Germany's private sector growth moderated at the start of the second quarter, survey data from Markit Economics showed Thursday. The flash composite output index fell to 54.2 in April from an eight-month high of 55.4 in March. The latest index reading was still the second-strongest since last September.

The French private sector growth weakened to near stagnation in April as manufacturing continued to shrink, flash survey data from Markit showed Thursday. The flash composite output index fell to 50.2 in April, a 3-month low, from 51.5 in March, signaling a fractional increase in output.

Germany's consumer confidence is set to rise further to the strongest level since October 2001, survey data from the market research group GfK showed Thursday. The forward-looking consumer climate index rose to 10.1 points in May from 10 in April. This was its highest value since October 2001, when the indicator was at 11.0 points.

French manufacturing confidence improved more than expected in April to the highest level since August 2011, survey data from the statistical office Insee showed Thursday. The manufacturing confidence index rose to 101 in April from 99 in March. It was expected to rise to 100. This was the highest score since August 2011.

U.K. retail sales declined for the first time in six months in March on petrol sales, casting doubt over economic growth gaining strength at the start of the year. Retail sales including auto fuel unexpectedly dropped 0.5 percent on a monthly basis in March, reversing a 0.6 percent rise in February, data from the Office for National Statistics showed Thursday.

This was the first fall in six months and the biggest since January 2014. Economists had forecast a 0.4 percent rise for March.

Another report from the ONS showed that public sector net borrowing excluding interventions decreased by GBP 0.4 billion to GBP 7.4 billion in March. The expected level was GBP 7 billion.

Gross mortgage lending in the United Kingdom increased notably in March, data from the Council of Mortgage Lenders, or CML, showed Thursday. Total mortgage lending grew 21.0 percent in March from the previous month to EUR 16.5 billion. On an annual basis, lending increased by 7.0 percent.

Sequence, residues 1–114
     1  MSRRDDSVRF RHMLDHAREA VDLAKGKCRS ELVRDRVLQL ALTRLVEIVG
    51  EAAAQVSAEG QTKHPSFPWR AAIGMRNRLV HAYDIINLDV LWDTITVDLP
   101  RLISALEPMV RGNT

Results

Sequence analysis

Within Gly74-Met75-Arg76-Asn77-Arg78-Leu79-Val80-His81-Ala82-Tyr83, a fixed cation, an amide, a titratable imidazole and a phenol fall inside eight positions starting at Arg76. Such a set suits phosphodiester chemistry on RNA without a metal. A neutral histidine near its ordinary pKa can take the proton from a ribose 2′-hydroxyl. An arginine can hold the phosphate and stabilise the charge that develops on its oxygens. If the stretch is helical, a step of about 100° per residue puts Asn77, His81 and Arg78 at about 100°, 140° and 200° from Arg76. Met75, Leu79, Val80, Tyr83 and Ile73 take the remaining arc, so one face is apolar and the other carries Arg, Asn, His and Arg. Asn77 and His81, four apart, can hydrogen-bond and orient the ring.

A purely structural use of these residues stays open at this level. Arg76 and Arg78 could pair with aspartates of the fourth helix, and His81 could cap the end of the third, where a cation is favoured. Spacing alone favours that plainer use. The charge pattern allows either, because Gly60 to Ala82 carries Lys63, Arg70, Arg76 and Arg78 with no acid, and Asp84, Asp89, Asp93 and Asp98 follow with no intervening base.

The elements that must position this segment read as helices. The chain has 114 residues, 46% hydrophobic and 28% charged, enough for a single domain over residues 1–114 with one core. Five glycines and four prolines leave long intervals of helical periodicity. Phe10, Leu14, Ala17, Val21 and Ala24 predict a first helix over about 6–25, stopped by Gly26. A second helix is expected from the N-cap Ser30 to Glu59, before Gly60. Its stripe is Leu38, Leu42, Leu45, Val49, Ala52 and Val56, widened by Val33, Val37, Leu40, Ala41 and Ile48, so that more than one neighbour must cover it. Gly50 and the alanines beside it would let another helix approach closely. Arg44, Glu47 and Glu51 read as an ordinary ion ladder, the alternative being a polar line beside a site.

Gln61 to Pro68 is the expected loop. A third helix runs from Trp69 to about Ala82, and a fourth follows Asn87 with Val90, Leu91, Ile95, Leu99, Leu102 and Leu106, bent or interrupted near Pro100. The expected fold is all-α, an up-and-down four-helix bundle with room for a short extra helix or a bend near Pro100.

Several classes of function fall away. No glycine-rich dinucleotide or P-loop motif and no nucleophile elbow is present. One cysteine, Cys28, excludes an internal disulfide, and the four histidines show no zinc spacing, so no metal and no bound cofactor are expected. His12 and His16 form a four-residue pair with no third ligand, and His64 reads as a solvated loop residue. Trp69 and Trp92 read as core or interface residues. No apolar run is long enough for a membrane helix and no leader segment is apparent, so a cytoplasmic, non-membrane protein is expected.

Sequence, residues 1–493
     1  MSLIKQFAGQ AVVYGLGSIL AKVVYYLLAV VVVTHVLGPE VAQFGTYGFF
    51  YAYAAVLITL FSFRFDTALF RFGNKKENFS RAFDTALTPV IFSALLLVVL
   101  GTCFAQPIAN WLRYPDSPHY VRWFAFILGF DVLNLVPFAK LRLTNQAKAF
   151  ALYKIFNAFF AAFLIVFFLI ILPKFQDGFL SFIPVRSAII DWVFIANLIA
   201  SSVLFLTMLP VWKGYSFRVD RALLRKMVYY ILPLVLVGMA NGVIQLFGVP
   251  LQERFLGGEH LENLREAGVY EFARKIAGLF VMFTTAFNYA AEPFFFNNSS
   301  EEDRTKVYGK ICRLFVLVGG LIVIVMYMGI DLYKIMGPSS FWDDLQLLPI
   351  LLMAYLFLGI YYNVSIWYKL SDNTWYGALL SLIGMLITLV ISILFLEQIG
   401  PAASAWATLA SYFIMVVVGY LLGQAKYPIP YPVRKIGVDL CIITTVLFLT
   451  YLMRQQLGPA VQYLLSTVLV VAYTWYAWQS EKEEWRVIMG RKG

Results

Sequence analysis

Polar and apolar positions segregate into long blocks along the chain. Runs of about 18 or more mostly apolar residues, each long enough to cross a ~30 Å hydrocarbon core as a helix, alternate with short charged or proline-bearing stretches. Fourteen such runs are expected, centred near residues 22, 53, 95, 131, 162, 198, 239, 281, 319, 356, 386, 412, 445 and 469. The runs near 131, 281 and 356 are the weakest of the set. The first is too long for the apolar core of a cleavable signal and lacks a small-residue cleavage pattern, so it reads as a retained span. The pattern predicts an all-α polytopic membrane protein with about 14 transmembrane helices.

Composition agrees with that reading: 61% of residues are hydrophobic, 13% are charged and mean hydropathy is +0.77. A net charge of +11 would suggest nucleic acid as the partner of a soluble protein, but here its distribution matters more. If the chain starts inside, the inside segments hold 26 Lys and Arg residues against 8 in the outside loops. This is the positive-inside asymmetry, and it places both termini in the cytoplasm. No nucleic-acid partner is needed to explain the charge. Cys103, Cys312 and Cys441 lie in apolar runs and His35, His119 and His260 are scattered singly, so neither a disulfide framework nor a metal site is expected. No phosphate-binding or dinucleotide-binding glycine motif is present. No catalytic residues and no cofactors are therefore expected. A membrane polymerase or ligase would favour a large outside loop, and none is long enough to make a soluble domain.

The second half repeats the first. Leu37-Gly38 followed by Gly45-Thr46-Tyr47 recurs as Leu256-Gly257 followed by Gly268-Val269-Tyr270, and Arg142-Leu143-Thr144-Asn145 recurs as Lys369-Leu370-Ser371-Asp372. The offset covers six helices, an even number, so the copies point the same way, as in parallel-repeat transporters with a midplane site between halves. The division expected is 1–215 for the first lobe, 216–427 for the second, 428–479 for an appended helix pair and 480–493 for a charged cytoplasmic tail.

China's factory activity moved further into negative zone in April, logging the weakest operating conditions in a year, flash estimate released by Markit Economics showed Thursday. The HSBC manufacturing Purchasing Managers' Index fell to 49.2 in April, a 12-month low, from 49.6 in March. It was expected to remain at 49.6.

First-time claims for U.S. unemployment benefits unexpectedly saw a modest increase in the week ended April 18th, according to a report released by the Labor Department on Thursday.

The report said initial jobless claims edged up to 295,000, an increase of 1,000 from the previous week's unrevised level of 294,000. The modest uptick came as a surprise to economists, who had expected jobless claims to dip to 290,000.

After reporting a notable increase in new home sales in the U.S. in the previous month, the Commerce Department released a report on Thursday showing that new home sales pulled back by much more than expected in the month of March.

The report said new home sales plunged 11.4 percent to an annual rate of 481,000 in March after jumping 5.6 percent to a revised rate of 543,000 in February. Economists had expected new home sales to drop to an annual rate of 518,000 from the 539,000 originally reported for the previous month.